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Jetstream Deluxe 

YDS: 5.9 French: 5c Ewbanks: 17 UIAA: VI ZA: 17 British: HVS 5a PG13

Type:  Trad, 3 pitches, 550', Grade II
Original:  YDS: 5.9 French: 5c Ewbanks: 17 UIAA: VI ZA: 17 British: HVS 5a PG13 [details]
FA: Malcolm Daly, Ed Eggers, 1974
Page Views: 1,884
Submitted By: Aaron Martinuzzi on Feb 14, 2010

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Sean up on P 1. AWESOME line!!! We used the bolts...


An enjoyable route that combines classic Greyrock slab and thin-crack climbing with a bit of liebacking and steeper face action, Jetstream Deluxe is a reasonable step up from the 5.8s in the area.

P1: Climb a short face into a shallow, right-facing corner with a diminutive pine tree in it. After the corner turns into a slightly steeper seam, traverse left (5.9) on face and thin-crack moves into a fingercrack. Climb this crack and trend right, linking discontinuous seams to one of two belay options - a small ledge with good pro, or, about 25 feet higher, a large ledge with a couple bushes and a large, steep corner on its right side. 5.9, 175+ feet.

P2: On the right side of the large ledge, lieback and undercling a right-arching flake (good pro) until you're able to stem the dihedral (5.8/9-). Gain a stance on a ledge at the base of a blank, dark scoop. The scoop presents an awesome-looking, but totally unprotected and probably hard, friction stemming problem - instead, take a couple steps backward on the ledge until you're able to step right around the arete to well-featured, though runout, face climbing (5.7R). Move up, trending left into a corner, passing a small overlap and gaining a nice belay spot near a pine tree at the base of a huge, left-facing dihedral. A really fun pitch. 5.9- (7R), 130 feet.

P3: Head straight up off the belay, climbing the face and large dihedral through easy terrain (5.4/5.5). Pass a large chockstone at the top of the corner, placing pro at your head to prevent heinous rope drag over the 'stone. Scramble up the slab, heading right through easy 5th/4th class terrain to the top, or aim straight up to pass a small bulge on good handjams and fingerlocks (5.6, fun). Either way, run out the rope to a good belay and scramble to the summit. 5.6, 200+ feet.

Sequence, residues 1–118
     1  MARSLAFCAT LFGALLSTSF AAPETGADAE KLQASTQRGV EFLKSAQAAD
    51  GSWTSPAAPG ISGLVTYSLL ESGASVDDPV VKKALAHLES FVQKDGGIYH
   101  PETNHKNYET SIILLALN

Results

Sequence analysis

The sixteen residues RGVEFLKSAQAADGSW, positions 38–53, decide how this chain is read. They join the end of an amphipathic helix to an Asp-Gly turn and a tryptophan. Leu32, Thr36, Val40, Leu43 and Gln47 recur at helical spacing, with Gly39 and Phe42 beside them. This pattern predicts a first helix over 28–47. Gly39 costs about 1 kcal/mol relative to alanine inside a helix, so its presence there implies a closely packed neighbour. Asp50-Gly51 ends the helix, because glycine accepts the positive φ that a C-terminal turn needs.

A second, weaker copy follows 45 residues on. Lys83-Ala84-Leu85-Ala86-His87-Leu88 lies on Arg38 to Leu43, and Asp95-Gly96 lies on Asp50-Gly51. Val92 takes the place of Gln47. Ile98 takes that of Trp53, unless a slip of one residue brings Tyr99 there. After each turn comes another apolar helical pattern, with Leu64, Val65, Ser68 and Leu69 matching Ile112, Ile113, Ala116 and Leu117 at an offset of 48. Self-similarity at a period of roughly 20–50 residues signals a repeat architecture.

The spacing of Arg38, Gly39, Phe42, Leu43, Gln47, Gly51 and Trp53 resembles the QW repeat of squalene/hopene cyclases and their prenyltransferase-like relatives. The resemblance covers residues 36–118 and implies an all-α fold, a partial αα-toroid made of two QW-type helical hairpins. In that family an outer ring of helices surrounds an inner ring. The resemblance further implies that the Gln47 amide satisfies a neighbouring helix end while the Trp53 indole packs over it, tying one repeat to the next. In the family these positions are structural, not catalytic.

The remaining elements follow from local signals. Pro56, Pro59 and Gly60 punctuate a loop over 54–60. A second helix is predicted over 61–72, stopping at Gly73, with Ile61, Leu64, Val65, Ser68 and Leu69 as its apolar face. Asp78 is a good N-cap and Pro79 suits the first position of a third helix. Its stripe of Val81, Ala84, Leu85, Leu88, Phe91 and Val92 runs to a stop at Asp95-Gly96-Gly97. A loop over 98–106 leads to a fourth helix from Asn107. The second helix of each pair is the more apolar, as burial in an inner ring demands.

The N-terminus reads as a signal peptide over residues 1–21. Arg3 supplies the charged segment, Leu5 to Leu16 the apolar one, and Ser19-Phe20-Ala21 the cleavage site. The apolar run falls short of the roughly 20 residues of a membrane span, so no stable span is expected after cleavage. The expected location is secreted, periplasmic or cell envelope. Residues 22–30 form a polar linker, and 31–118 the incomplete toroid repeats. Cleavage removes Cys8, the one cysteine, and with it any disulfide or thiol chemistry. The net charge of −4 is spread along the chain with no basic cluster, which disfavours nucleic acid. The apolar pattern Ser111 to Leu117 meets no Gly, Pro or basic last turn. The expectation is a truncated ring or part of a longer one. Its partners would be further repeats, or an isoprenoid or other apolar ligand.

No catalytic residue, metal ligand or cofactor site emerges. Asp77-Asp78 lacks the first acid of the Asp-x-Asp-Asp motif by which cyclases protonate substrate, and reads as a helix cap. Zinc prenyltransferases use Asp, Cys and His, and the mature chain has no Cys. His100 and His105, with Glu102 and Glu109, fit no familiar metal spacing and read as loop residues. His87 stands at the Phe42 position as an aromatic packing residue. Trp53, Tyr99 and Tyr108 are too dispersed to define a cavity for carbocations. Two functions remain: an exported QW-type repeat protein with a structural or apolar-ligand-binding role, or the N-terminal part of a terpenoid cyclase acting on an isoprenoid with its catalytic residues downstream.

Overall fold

About 70 feet left of The Greatest Route at Greyrock is a large, left-facing dihedral that rises off a grassy ledge. Jetstream climbs a brief right-facing corner equipped with a small pine tree about 10 feet left of the dihedral.


A standard rack up to #2 Camalot/#3 Friend is sufficient for this route. Go heavy on the small stuff (Micronuts, offsets, tiny cams) for P1. A couple long slings would come in handy on this route, particularly for pro placed at the top of the P2 dihedral.

Photos of Jetstream Deluxe Slideshow Add Photo
Rock Climbing Photo: P2 of Jetstream climbs a flake into the super-thin...
P2 of Jetstream climbs a flake into the super-thin...
Rock Climbing Photo: Looking up at belay #2 and the final pitch of Jets...
Looking up at belay #2 and the final pitch of Jets...
Rock Climbing Photo: P1 of Jetstream.  The bushes at the base of the ph...